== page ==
• 3D Modeler
  • Animator
  • Art Director
  • Flash Animator
  • Stop Motion Animator
  • Video Game Designer
  • Animation Director
  • Background Painter
  • Cartoonist
  • Character Animator
  • Character Rigger
  • Color Key Artist
  • Compositing Artist
  • Concept Artist
  • Digital Painter
  • Director
  • Effects Animator
  • Forensic Animator
  • Inbetweener
  • Key Animator
  • Render Wrangler
  • Storyboard Artist
  • Texture Artist
  • Visual Development Artist

 

Presentations will be on Tuesday, September 5th.

 

Tuesday thru Friday, August 26th - Continue Research

 

Students will research career areas in design and/or print production and then will research the job/field of their choice & create an Adobe Spark over the information and present their research to the class.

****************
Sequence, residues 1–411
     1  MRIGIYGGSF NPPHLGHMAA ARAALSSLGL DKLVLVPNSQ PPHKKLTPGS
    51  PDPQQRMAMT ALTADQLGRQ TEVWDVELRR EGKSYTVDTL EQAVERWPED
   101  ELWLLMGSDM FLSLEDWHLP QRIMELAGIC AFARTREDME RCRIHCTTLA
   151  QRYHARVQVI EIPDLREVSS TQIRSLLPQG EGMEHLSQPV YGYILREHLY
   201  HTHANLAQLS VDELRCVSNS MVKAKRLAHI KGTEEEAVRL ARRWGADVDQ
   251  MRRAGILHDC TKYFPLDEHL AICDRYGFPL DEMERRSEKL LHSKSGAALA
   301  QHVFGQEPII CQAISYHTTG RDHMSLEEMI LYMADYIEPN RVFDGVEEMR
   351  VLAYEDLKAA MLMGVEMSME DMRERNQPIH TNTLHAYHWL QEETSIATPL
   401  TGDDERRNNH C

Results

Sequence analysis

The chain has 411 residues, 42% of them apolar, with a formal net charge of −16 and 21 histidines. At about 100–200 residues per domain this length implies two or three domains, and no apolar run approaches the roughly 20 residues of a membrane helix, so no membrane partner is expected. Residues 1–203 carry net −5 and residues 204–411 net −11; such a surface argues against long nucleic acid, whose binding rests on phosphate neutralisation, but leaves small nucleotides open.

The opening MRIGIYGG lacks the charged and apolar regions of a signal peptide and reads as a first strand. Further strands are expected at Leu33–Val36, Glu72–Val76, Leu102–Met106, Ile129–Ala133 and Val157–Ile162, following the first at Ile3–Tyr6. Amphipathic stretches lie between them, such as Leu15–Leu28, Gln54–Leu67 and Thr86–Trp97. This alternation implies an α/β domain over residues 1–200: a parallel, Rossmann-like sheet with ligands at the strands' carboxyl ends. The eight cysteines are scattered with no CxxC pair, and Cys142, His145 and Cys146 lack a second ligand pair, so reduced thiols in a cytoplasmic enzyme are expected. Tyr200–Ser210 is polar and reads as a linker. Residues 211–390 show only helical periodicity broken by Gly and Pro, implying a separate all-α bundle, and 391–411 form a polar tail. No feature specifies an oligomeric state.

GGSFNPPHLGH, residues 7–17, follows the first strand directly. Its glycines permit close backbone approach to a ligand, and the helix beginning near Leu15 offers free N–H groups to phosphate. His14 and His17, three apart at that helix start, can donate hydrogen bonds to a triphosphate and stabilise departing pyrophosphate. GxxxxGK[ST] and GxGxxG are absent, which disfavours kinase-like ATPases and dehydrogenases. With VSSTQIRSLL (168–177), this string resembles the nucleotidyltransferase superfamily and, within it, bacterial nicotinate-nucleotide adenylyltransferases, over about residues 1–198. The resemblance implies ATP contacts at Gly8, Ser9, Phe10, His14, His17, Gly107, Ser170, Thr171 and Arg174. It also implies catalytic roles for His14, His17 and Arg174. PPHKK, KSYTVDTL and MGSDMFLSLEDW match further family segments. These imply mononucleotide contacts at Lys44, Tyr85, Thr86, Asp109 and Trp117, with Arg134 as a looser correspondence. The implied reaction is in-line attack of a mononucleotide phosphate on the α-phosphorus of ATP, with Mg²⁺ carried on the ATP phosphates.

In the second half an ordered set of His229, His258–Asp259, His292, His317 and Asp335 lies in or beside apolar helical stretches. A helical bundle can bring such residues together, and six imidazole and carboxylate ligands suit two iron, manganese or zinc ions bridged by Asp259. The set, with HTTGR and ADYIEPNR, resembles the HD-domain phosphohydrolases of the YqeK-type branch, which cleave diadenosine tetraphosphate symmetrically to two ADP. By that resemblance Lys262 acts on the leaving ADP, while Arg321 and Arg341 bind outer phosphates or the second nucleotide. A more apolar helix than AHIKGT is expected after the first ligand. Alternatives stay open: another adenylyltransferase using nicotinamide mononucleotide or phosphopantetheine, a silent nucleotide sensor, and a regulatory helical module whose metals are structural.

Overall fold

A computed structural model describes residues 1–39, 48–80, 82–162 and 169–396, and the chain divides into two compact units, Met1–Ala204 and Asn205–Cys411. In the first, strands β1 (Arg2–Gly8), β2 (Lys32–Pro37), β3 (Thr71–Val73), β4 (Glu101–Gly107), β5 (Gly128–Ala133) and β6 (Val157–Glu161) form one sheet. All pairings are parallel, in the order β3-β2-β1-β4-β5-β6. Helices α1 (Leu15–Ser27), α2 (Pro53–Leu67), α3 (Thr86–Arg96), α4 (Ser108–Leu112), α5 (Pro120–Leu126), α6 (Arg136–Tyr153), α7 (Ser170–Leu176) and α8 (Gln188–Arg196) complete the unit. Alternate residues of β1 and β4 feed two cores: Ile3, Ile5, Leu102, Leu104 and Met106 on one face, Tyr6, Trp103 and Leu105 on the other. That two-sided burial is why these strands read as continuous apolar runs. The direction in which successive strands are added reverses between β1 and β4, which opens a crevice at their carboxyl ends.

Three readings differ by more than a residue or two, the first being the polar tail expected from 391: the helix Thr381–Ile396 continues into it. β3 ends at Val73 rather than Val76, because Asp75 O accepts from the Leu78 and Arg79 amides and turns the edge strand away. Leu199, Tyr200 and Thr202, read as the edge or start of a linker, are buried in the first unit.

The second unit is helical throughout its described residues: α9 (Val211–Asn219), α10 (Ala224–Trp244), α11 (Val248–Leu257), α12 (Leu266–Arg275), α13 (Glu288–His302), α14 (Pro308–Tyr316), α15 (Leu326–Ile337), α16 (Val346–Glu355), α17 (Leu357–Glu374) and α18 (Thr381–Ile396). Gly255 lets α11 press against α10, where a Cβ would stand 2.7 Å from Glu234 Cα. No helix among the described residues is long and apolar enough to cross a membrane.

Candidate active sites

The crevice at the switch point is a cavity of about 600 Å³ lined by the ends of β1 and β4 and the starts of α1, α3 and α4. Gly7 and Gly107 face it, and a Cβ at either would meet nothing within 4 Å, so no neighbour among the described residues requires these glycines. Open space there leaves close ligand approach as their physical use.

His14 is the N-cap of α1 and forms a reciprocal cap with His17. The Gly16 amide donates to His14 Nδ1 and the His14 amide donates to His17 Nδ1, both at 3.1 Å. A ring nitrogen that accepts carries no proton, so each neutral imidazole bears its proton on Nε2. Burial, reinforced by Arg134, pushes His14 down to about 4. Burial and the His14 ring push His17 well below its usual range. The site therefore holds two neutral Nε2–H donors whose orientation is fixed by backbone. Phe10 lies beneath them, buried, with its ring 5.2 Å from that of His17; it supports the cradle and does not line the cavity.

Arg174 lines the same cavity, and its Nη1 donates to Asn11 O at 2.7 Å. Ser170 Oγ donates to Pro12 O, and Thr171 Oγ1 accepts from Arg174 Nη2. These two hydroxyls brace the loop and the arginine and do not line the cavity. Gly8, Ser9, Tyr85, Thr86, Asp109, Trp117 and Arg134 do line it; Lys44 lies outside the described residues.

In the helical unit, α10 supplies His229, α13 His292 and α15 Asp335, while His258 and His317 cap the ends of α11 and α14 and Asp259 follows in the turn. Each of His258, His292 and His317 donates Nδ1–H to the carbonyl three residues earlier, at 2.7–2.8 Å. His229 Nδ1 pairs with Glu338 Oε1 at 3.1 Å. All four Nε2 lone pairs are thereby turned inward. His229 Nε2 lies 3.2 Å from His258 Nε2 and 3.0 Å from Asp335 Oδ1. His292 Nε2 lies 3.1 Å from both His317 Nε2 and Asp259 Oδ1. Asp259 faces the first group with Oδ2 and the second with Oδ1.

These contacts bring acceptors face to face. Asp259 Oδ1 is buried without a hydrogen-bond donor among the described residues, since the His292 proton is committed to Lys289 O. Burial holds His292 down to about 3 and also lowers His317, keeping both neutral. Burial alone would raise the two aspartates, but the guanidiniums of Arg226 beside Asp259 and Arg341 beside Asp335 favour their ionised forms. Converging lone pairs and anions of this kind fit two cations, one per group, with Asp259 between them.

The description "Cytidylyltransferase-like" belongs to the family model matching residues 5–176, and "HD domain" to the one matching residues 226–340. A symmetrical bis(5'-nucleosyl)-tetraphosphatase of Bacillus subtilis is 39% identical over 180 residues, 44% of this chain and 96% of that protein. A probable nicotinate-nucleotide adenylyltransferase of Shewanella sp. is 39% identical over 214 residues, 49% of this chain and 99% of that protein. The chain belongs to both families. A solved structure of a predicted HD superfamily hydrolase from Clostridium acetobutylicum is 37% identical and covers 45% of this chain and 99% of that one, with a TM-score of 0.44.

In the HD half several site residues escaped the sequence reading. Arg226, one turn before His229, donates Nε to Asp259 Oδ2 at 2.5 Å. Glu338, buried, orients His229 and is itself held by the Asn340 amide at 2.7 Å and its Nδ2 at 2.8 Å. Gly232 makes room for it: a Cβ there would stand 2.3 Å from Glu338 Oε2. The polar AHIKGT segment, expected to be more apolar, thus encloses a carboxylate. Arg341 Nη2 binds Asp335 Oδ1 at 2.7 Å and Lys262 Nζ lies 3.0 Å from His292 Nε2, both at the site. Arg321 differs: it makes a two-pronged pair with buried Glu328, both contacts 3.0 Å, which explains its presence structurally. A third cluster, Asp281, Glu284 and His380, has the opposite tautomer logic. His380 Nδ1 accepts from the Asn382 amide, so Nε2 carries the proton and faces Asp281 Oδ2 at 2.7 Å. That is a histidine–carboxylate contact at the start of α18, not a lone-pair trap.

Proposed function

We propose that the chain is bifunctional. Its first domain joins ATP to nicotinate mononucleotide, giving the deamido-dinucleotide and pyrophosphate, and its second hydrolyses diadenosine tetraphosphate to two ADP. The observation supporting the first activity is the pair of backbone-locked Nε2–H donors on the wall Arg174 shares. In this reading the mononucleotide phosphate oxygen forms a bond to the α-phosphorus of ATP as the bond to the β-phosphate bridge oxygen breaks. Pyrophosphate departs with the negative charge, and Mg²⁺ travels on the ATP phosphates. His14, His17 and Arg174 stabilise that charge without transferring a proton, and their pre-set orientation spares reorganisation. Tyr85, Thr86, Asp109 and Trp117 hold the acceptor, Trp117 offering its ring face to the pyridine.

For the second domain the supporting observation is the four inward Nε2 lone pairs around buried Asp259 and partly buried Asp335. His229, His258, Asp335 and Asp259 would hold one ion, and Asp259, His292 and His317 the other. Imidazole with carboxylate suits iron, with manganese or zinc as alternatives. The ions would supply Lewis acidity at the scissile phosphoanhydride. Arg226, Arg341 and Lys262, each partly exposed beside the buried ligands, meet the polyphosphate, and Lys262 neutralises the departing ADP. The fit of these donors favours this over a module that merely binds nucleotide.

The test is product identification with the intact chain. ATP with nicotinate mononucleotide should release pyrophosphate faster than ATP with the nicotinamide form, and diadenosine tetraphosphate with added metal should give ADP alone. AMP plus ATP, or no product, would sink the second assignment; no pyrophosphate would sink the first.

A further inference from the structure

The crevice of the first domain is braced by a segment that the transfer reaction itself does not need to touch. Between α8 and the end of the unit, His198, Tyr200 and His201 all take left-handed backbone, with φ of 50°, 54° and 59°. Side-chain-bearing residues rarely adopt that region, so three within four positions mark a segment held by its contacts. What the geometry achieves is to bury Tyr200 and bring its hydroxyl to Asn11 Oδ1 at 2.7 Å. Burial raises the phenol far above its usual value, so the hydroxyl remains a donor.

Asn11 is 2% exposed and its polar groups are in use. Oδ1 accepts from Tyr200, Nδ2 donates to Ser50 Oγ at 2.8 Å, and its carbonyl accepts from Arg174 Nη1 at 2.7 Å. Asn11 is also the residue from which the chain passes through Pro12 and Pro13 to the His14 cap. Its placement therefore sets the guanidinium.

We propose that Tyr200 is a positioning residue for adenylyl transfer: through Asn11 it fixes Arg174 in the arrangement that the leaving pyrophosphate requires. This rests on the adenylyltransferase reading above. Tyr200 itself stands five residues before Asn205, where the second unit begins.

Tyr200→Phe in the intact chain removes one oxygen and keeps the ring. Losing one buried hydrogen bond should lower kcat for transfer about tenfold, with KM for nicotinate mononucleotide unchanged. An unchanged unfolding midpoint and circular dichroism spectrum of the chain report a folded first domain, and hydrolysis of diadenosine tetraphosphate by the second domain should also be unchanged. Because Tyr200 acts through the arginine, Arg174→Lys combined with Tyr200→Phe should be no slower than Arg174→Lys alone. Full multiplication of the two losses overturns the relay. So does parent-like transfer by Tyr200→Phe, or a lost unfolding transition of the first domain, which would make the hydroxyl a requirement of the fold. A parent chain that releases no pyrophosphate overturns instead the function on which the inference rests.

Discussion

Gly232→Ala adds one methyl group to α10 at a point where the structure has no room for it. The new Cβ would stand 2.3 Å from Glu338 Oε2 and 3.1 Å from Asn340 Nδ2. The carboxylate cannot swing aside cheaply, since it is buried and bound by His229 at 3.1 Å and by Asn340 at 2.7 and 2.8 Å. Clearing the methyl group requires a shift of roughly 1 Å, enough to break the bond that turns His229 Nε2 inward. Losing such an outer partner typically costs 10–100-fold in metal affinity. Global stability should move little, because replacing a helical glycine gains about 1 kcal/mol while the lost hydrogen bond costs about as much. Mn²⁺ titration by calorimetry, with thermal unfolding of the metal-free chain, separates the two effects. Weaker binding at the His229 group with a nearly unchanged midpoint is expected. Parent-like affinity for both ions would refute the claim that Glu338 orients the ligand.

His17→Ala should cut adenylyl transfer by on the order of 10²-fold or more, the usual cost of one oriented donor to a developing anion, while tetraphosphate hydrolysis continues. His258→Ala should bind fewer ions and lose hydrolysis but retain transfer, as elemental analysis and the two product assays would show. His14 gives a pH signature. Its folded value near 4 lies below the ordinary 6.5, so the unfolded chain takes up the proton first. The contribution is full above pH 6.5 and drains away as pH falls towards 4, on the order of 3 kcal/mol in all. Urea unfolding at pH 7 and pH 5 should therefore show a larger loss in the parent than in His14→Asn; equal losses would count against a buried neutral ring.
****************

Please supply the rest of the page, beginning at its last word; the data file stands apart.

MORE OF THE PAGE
The report will cover:

  • specific job description and qualifications, expected skill set, expected technical knowledge, necessary training,
  • the educational background needed (educational needs, cost, time (how long will the degree take), school options (where the programs are offered)(best schools for that program), loans)
  • certification/exams needed
  • experience needed

 

NOTE: You may collect websites containing specific job-related information and, if appropriate, link to them within their portfolios.

 

Career areas include (you are not limited to this list in your research):

 

  • 3D Modeler
  • Animator
  • Art Director
  • Flash Animator
  • Stop Motion Animator
  • Video Game Designer
  • Animation Director
  • Background Painter